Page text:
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VIDEO: Brad Pitt visits Georgia to promote "Fury"

Brad Pitt and his fellow "Fury" stars Shia LaBeouf, Logan Lerman and Michael Peña, along with director David Ayer, visited Fort Benning in Columbus on Thursday to promote "Fury," the World War II era movie coming out Oct. 17.

The guys got to Fort Benning about 1 p.m. and spent the afternoon at the home of the United States Army's Infantry and Armor Schools.

They took scores of photos with the troops and got to check out four authentic tanks, including a WWII-era Sherman tank like the one their characters operate in the film, and a currently used M1A2 battle tank.

In "Fury," Pitt stars as Sgt. Don "Wardaddy" Collier, who rides herd over a tank crew battling the Nazis and occasionally squabbling with each other. Promotional tours on military bases was a goal from the start, he said.

Pitt hopped into one of the tanks for a quick tour.

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"We'd sit in the tank and talk about how cool it would be if we could bring it to the actual soldiers," he said. "It means everything for us to bring this back as a tribute. Hopefully they'll agree we got a few things right."

The movie is set in Germany, at the bitter end of the second World War. The Nazis are done for but not giving up.

"It will end, soon. But before it does, a lot more people have gotta die," Sgt. Collier says in one of his many prescient speeches.

Another: “Ideals are peaceful. History is violent.”

This movie certainly hews to the latter. It's directed by David Ayer, who shot "Sabotage" in Atlanta, a movie set in the present day with more modern body parts flying about.

The whole gang.

"I looked at thousands of photographs of the war, of the period, of the time," Ayer said. "I didn't want to copy anyone else's film."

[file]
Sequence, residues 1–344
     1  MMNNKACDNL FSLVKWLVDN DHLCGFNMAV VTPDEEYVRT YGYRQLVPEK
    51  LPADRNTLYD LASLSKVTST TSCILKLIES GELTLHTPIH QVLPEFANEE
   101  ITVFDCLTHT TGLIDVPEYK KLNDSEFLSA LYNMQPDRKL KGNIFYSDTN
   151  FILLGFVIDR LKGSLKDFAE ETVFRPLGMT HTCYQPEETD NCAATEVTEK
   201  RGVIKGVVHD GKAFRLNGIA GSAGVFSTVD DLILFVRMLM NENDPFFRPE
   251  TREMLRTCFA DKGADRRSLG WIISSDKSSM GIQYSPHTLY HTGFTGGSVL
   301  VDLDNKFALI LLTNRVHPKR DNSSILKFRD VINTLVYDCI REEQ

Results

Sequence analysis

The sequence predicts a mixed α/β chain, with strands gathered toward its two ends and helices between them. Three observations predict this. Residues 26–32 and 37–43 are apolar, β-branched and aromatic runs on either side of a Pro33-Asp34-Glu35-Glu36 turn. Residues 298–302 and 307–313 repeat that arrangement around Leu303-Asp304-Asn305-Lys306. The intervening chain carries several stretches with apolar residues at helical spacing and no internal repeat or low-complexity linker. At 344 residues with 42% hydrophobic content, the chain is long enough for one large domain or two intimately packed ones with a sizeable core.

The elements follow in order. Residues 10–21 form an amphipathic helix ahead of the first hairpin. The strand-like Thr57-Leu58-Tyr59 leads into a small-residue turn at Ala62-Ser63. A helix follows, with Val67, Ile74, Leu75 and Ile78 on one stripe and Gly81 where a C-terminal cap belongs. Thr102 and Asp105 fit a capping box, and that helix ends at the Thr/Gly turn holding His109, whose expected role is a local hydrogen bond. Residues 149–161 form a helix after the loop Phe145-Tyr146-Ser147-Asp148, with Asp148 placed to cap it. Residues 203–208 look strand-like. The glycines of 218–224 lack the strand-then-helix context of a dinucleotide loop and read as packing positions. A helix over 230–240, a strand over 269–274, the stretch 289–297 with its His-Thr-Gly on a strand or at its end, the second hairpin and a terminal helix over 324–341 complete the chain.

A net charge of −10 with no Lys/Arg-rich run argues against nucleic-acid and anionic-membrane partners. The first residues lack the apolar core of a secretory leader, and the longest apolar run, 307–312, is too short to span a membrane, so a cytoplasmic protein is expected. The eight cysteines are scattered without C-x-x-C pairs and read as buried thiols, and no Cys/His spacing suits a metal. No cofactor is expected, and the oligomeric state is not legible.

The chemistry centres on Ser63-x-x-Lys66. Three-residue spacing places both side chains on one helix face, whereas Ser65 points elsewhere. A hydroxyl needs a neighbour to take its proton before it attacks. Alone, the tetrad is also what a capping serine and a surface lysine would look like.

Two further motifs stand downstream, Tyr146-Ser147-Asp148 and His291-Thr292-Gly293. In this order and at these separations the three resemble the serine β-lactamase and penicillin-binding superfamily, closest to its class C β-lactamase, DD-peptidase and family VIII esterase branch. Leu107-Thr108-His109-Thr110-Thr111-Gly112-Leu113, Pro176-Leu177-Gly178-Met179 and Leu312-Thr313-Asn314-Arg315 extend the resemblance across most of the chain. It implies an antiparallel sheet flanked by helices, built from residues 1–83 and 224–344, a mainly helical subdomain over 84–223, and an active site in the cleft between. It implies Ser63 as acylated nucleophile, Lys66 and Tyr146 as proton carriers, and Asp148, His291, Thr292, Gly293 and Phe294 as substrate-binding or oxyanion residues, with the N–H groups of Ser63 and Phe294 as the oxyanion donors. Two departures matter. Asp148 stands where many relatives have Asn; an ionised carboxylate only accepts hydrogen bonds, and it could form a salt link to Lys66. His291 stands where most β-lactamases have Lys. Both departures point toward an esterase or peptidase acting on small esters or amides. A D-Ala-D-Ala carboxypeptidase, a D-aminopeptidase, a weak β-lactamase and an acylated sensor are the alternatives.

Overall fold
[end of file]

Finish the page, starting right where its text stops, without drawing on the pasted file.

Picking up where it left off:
He spent time talking to WWII and more recent veterans and "just really tried to build up a portrait of these men."

LaBeouf plays a devout soldier who quotes Scripture before skirmishes and often holds the hands of the dying (and dead).

That somber on-screen gravitas was not on display during the visit to Fort Benning.

Instead, he sprinted about, taking selfies with just about anyone who wanted one, and ferried articles to Pitt to be autographed on behalf of grateful troops. He didn't take any questions.

 

Lerman, who plays an Army clerk quickly pressed into tank service and Peña, who plays a skilled and seasoned veteran, enjoyed meeting guys in uniform.

Shia took lots of photos and no questions.

"It's an honor to be here," Lerman said. "I really hope everybody appreciates the film. I'm curious about their thoughts on it, more so than everyone."

Pitt, who also took a slew of photos, selfie and otherwise, and also hopped into one of the tanks on display for a little tour,  said he related to his character. (A tank commander and a father must both bring about law and order from chaos, of course).

Pitt and Peña got a lesson from Fort Benning personnel.

Since the movie was set during WWII we asked Pitt about the painting that he and wife Angelina Jolie have on loan to the Millennium Gate museum in Atlanta. (Details about the piece here).

Do they plan to visit it during the exhibition? His answer, and other comments about the movie, here:

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About the Author

Jennifer Brett is a multiplatform journalist and digital coach. She writes The Buzz blog for accessAtlanta.com.

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